• Or even worse the holographic ads that sci-fi films have been promising for decades. It'll start as "static" billboards, then as the technology matures and the display can refresh images faster we'd be looking at 3d commercials outside Victoria's Secret... yay
    • by Cappy Red (576737)

      Pharmaceutical data, my ass. We're looking at "Playboy 3D" material here, and a reason to go back to print media for everyone's monkey-stroking needs!
      2d porn gives way to 3d porn, which eventually gives way to the next stage of technology: prostitutes.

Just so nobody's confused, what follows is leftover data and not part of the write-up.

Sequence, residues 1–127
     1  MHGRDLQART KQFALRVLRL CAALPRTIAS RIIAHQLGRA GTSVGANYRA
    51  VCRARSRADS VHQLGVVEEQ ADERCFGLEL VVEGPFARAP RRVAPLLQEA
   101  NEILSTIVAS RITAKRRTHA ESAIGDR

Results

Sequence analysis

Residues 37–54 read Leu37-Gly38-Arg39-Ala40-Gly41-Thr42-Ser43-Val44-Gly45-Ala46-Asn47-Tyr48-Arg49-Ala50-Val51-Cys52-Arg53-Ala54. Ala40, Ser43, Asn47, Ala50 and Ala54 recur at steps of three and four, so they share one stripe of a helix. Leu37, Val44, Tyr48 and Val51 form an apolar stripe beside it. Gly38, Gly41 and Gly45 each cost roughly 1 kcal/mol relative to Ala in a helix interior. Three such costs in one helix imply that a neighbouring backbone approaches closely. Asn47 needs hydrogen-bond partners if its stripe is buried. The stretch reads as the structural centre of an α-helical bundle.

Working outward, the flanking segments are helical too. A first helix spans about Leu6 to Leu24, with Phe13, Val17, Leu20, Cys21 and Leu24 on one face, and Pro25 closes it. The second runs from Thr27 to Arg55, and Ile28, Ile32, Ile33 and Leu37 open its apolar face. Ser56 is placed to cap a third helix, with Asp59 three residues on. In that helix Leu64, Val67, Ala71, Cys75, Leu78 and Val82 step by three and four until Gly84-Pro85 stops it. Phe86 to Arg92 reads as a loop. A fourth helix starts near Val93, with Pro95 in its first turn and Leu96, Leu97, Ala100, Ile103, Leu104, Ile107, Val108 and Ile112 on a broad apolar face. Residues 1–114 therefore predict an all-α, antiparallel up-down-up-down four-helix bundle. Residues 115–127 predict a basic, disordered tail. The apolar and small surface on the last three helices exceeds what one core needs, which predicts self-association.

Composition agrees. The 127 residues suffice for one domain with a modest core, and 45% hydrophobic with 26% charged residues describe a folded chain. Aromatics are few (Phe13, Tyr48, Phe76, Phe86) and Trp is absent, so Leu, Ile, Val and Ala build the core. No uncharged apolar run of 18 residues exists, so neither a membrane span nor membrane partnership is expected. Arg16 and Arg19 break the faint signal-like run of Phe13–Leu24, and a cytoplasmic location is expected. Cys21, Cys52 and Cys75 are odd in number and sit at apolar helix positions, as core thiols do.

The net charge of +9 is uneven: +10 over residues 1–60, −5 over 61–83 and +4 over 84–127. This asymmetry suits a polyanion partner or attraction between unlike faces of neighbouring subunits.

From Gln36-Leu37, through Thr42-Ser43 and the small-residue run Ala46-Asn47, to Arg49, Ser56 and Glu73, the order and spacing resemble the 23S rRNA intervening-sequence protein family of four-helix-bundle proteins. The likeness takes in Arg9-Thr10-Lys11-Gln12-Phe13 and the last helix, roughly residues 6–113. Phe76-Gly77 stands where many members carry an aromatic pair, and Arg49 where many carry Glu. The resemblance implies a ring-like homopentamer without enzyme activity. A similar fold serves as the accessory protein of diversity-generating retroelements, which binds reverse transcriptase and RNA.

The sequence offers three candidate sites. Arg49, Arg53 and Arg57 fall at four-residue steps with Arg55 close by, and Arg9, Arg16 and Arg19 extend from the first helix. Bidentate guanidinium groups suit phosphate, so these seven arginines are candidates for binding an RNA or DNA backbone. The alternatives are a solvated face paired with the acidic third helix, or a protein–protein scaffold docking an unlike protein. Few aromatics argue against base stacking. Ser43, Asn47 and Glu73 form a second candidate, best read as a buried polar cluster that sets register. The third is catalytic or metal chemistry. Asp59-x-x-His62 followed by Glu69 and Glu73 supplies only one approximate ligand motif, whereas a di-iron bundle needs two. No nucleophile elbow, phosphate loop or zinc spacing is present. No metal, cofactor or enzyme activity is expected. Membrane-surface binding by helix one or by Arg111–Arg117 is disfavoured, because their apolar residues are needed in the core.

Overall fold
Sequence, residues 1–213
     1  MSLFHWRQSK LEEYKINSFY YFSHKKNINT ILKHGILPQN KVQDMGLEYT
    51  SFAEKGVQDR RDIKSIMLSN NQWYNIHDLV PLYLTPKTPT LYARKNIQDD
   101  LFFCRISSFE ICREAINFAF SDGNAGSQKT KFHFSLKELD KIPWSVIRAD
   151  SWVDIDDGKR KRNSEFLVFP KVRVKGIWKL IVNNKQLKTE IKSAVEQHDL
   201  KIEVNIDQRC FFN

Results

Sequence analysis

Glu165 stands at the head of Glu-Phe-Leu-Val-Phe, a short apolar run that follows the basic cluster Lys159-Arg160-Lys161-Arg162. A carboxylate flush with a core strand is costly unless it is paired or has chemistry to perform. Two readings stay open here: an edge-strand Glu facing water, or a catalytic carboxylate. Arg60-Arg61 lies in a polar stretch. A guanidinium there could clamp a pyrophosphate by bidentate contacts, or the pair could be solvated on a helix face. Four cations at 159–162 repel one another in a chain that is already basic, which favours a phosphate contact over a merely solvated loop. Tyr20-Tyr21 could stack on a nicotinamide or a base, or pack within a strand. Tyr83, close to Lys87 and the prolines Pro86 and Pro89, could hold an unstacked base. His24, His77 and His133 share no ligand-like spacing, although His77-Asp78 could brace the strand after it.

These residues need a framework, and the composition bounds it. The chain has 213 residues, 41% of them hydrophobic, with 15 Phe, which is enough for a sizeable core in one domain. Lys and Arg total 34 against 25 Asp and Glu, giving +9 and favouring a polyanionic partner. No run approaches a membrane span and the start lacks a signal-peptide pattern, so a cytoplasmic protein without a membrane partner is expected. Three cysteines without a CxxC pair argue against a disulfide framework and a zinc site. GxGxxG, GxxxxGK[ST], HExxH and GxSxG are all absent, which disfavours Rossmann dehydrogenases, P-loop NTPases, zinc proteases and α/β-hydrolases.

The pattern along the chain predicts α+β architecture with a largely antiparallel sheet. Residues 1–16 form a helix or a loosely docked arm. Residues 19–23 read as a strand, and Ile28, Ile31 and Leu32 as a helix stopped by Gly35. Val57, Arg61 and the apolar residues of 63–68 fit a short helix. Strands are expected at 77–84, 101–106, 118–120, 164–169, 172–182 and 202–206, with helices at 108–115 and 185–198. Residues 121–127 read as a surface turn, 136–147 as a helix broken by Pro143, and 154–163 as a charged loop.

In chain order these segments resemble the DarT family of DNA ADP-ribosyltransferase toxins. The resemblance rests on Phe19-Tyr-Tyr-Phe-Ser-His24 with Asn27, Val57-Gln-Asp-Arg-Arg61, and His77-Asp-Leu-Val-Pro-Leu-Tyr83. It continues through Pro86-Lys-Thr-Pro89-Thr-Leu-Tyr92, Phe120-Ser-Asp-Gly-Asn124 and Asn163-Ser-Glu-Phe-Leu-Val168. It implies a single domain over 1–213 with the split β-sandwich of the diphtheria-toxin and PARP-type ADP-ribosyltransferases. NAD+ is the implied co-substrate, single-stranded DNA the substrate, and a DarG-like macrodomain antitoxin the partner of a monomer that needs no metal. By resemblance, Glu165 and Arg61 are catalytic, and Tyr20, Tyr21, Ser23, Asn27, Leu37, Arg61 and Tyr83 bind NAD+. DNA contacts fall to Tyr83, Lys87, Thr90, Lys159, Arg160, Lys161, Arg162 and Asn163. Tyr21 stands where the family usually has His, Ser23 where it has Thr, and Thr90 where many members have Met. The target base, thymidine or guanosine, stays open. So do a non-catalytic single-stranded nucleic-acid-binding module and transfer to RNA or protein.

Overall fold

• by Tyler Too (909326) * on Wednesday February 06, 2008 @06:55PM (#22326742)
    BBC's coverage is pretty lame. Slashdot would serve its readers better by linking to coverage at a science blog instead. For instance, Ars Technica's Nobel Intent science journal [arstechnica.com] has a far superior writeup of the announcement.
  • Great! Now I can print all of my Hannah Montana concert pics in 3D!
  • So this seems like its moving toward a holograph writer which you could install in your PC. Then you could write holograms just like you burn a CD, but would these holograms have more or less storage capacity than what we have now?
  • In minutes? Wake me up when holographic images can be created in tens of milliseconds. Also, I demand a 20 cubic foot recessed tabletop display. Finally, it probably needs to cost under $500, so we can put one in every classroom.

    OK, back to sleep now.
    • Re:Zzzzz (Score:4, Informative)